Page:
Kerry James Marshall
And Wistful Romantic Idylls
Exhibition Dates: September 6- October 24, 2008
Reception for the Artist: Saturday, September 6, 6-8PM
Gallery Hours: Tuesday-Friday: 10:00 am - 5:30 pm; Saturday: 11:00 am - 5:30 pm
Public Contact: 310-836-9055
Koplin Del Rio is pleased to announce its sixth solo exhibition of new paintings and drawings by
Kerry James Marshall.
Marshall describes the new work: "This continues my over-arching project of representing aspects of Black Culture rarely made visible in contemporary picture making. Secondarily, I am also interested in foregrounding the black figure in popular genres of painting not usually associated with the socio-political frame in which much African American art is seen through. For example, in the big coffee table book survey, The Great American Pin Up, published by Taschen, not one of the sexy, dream girls is Black. Likewise, what are the chances of encountering a portrait (imaginary) of John Punch; Angry Black Man in any of the major museums of Los Angeles”. (An important and forgotten figure, John Punch was the first person in American history to be condemned by a State Court to a life sentence of slavery in 1646. John Punch; Portrait of An Angry Black Man is among the new paintings to be featured in the exhibition.) Marshall continues, "Vignettes, are very sweet images of Black couples in vast landscapes, based in part on the stylistic character of 18th century Rococo painting. After completing a dozen or so of the vignette romances in grisailles, the works in this exhibition are now in full color."
Kerry James Marshall was born in Birmingham, Alabama in 1955. His family relocated to Los Angeles where Marshall grew up first in South Central and later Watts. His formative years are reflected in the socially charged narratives found throughout Marshall’s artwork. At the core of Marshall’s visual vocabulary is the truth of African American life as he sees it. An avid reader with an insatiable curiosity for information, the themes of Marshall’s work are informed by volumes of magazines, newspapers, books, and films on African-American history, art, literature, mythology, folklore and comics. Western art history also plays prominently in his compositions; with references to artists from Mossaccio to Matisse to Jacob Lawrence.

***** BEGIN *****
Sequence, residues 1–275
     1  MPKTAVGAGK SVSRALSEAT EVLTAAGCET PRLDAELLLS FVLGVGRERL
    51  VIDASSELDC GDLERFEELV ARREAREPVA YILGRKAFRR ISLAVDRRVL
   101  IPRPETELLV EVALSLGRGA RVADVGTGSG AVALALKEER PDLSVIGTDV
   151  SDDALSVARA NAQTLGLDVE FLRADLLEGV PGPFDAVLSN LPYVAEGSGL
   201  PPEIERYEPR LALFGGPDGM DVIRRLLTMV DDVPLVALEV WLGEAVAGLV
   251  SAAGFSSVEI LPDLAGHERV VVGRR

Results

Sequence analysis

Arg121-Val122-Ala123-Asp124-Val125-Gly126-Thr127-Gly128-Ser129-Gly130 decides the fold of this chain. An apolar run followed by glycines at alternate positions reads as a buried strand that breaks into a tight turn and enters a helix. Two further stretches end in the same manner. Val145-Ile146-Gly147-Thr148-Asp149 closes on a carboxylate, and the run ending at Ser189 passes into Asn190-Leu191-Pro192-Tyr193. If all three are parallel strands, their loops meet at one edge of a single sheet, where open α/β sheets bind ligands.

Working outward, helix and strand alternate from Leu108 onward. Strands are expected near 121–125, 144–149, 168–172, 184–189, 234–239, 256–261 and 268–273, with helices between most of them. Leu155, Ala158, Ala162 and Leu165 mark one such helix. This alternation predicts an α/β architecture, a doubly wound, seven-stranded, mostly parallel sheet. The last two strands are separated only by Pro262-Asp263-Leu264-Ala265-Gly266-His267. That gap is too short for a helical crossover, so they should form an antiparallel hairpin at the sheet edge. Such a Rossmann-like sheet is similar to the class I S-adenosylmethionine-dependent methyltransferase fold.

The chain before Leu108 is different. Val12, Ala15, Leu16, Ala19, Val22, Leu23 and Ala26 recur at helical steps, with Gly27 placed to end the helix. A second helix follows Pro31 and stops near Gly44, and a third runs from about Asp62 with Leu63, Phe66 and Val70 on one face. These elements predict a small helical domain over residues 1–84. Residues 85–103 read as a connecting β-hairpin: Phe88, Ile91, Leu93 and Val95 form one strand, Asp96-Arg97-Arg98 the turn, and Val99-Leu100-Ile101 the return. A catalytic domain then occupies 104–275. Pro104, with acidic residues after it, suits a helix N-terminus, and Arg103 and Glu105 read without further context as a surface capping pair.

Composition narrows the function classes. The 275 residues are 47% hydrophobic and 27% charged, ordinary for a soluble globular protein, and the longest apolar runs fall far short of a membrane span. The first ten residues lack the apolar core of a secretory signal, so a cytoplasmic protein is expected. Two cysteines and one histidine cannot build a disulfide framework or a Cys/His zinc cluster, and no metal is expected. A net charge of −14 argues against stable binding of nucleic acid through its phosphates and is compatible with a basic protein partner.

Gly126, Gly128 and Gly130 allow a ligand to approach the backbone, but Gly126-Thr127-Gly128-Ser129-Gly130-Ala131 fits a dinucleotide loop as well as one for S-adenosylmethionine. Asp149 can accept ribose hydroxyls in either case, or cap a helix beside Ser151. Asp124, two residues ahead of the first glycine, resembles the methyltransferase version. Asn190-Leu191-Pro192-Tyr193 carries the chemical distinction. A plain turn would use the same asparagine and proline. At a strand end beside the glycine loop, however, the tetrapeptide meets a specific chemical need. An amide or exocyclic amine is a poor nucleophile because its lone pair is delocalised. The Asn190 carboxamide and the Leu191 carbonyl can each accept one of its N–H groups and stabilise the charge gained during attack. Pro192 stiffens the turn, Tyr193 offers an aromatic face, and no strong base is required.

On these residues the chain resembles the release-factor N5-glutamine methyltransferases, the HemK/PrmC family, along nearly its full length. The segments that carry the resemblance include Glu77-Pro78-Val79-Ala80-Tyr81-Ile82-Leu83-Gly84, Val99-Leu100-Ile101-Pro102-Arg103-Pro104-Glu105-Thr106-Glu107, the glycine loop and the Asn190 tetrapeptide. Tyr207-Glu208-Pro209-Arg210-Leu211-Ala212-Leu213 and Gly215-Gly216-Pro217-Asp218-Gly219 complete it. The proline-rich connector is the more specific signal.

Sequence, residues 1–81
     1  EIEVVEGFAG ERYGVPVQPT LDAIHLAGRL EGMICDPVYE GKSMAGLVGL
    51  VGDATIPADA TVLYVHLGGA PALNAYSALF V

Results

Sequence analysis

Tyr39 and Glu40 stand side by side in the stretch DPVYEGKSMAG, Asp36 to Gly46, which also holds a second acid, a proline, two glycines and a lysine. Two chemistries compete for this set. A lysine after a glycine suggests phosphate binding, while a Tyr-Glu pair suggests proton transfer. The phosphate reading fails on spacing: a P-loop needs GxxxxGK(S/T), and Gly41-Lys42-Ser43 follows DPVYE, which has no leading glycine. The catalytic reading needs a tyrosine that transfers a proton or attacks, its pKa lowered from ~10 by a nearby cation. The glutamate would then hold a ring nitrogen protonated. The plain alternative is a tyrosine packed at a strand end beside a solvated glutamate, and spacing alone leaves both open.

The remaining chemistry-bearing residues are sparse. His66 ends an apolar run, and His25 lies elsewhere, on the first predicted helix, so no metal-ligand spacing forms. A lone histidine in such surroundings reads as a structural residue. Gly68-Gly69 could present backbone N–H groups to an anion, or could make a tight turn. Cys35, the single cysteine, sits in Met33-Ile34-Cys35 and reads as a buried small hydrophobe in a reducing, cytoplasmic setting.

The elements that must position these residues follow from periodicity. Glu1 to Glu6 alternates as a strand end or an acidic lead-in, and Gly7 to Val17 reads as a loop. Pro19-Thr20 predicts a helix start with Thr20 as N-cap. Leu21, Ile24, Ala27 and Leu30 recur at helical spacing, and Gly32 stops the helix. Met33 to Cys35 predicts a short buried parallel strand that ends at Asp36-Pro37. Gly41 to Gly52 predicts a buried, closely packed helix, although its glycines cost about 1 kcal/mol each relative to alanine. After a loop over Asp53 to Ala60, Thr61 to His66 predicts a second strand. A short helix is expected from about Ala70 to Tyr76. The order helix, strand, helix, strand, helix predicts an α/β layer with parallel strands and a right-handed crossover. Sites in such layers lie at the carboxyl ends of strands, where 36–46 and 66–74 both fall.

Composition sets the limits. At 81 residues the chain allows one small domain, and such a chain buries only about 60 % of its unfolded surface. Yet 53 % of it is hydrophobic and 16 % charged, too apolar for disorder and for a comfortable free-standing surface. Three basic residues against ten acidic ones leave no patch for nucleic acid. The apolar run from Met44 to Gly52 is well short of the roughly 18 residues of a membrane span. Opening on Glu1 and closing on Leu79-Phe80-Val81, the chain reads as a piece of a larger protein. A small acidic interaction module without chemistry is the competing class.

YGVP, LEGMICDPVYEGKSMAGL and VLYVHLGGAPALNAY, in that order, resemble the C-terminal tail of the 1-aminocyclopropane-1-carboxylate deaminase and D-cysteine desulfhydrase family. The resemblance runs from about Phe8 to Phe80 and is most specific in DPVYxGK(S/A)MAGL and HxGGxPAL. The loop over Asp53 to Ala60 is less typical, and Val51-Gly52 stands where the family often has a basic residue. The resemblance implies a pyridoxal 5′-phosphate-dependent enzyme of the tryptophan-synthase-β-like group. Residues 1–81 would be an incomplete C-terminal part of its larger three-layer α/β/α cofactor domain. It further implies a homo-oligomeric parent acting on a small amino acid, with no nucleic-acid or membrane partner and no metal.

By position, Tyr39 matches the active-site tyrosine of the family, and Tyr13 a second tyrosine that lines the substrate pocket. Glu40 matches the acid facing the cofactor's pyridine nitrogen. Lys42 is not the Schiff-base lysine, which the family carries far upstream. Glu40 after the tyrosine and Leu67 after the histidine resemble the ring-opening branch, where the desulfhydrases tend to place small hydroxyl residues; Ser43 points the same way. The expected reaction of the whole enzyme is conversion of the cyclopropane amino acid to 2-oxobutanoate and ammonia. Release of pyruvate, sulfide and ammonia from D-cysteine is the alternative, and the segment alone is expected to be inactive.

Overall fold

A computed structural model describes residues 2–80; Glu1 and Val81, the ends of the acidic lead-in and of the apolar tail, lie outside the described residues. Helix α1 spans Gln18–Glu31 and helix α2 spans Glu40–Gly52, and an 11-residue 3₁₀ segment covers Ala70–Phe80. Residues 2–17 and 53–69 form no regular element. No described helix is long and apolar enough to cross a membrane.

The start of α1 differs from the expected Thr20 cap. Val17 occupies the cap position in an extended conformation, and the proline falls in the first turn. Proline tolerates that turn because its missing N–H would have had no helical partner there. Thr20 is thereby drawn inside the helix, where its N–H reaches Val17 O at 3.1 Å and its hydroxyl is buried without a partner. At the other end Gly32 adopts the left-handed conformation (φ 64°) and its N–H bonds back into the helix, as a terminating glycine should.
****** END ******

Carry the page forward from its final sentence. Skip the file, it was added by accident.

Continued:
Now living in Chicago, Marshall has exhibited his works in many important group exhibitions, including the 2007 and 1997 editions of Documenta, the 2003 Venice Biennale, the 1999/2000 Carnegie International, and the 1997 Whitney Biennial. His solo exhibitions include shows at the Museum of Contemporary Art, Chicago; the Baltic, Newcastle on Tyne, UK; the Institute of Contemporary Art, Boston; the Studio Museum of Harlem, New York; and the Wexner Center, Columbus, Ohio. Among the many honors he has received are a MacArthur Fellowship, a National Endowment for the Arts Visual Arts Fellowship, and a Wexner Center Residency Award. Most recently he was awarded a Skowhegan Medal for Painting. Marshall’s work is represented in major private and museum collections throughout the world including the Los Angeles County Museum of Art; the Museum of Modern Art, New York; the Walker Art Center, Minneapolis; and the Whitney Museum of American Art, New York.